William O'Connor allows his wife to keep one six-inch figurine on an end table in the living room. The rest of the house is off-limits to her decorations.
“What choice do I have?” asked Betty Jane O'Connor. “Most wives couldn't put up with it, but I'm pretty easygoing.”
Mr. O'Connor is a retired Toledo firefighter who has converted every room of his Rossford house, including the basement and the back porch, into exhibition space for antique leather fire hats, alarms, uniforms, and other memorabilia he has collected over the last 50 years. He does the dusting himself because his wife might break something, he said.
Mr. O'Connor is one of several Toledo area firefighters who have made a hobby out of collecting the historical artifacts of their profession. These men flock to flea markets, scope out eBay, and even agree to accompany their wives on Saturday afternoon antique shopping excursions - all in pursuit of an old leather bucket or a tin fire engine pull toy.
Steve Starkloff, 47, of Maumee, a full-time firefighter with the Toledo Fire Department for 17 years, said his collection of toy fire engines and commemorative firefighter platters and figurines has become a family affair.
“It's something my wife and I can do together,” he said, referring to weekend trips to antique malls, where he finds most of his toys. And come holidays and birthdays, family members always know a sure-fire gift for him.
“My wife found this one,” he said, displaying his favorite acquisition, a small Mickey Mouse fire engine made in the 1940s.
She enjoys the hunt too. “It's like finding a missing puzzle piece [to find another toy],” Lorraine Starkloff said.
“He has a lot of pride in his job,” she said. “It's neat that it carried over to a hobby.”
Firefighting is more than a job for these men - it is a calling and a community. That's why Mr. O'Connor, although he has been retired since 1979, still keeps five scanners crackling around the house and every windowsill crowded with toy fire engines and fully functional engine sirens.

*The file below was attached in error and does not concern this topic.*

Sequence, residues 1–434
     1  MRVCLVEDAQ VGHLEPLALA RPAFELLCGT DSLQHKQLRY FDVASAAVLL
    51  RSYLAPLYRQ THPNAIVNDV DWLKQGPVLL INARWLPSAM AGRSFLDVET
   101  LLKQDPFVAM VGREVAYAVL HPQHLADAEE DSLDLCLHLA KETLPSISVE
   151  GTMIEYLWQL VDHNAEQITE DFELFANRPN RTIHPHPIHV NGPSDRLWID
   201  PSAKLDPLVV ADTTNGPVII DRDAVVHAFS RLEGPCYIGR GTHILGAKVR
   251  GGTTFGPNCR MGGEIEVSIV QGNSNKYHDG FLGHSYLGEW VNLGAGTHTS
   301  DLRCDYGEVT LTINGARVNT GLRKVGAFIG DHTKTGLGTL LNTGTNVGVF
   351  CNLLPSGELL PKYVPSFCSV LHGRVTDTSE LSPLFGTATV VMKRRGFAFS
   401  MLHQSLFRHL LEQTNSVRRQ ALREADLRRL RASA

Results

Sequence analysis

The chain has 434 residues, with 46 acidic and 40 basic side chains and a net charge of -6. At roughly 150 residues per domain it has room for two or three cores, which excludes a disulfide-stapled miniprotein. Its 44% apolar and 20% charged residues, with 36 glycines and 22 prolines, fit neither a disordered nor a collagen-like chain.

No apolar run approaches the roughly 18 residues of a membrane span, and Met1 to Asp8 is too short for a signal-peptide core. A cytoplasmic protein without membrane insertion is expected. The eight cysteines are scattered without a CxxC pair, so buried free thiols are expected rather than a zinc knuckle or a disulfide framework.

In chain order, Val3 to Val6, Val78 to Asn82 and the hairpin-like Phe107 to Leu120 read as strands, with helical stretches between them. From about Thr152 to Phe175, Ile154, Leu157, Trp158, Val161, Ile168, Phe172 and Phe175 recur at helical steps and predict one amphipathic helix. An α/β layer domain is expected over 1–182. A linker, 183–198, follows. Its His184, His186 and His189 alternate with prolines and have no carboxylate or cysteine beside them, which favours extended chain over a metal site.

“Everything here has a story,” he said, lifting a leather hat made 80 years ago by a friend's grandfather.
At first glance, Mr. O'Connor's porch is a sunny, quiet showplace for dormant Buffalo truck sirens and pull box fire alarms found on Toledo street corners in the early 20th century.
But he need only crank a few handles and press a button or two to send the sirens and alarms whooping so loud it's hard to imagine anyone could ever sit out here and relax with a good book.
“And my wife thought it was going to be a sun porch,” he laughed. “Now she says it's nothing but a fire museum. “
Dave Meegan, 46, a Toledo firefighter whose interest is mostly in firefighting history books, knew he wanted to be a firefighter as a boy, lying awake at night and listening to the sound of fire engines racing down the street.
Mr. Meegan recommends his favorite book in his collection - a story of daily life at a fire station in the Bronx - to all newcomers to his station.
“It inspired me to get into the service,” he said. “I always recommend it to the younger guys.”
Mr. O'Connor, who helped found the Toledo Fire Fighters' Museum, said the passion runs deep. “I've always been kind of a nut about it ... I hate to see the old stuff at the station thrown away,” he said. Museum president, Robert Schwanzl, 69, said he keeps his eye out for old equipment, but not for himself.
“I have some things that bring back a special memory, like the type of nozzle used on the first [fire engines] I worked on,” he said. “But my interest is more along the lines of securing things for the museum.”
Having a museum isn't enough for these firefighters - they have created their own testaments to the profession at home.
“When you say you collect fire stuff, people picture dirty, smoky things,” said Mr. O'Connor, standing on the firefighting-themed welcome mat on his front step.
“They have no conception it could be fire art.”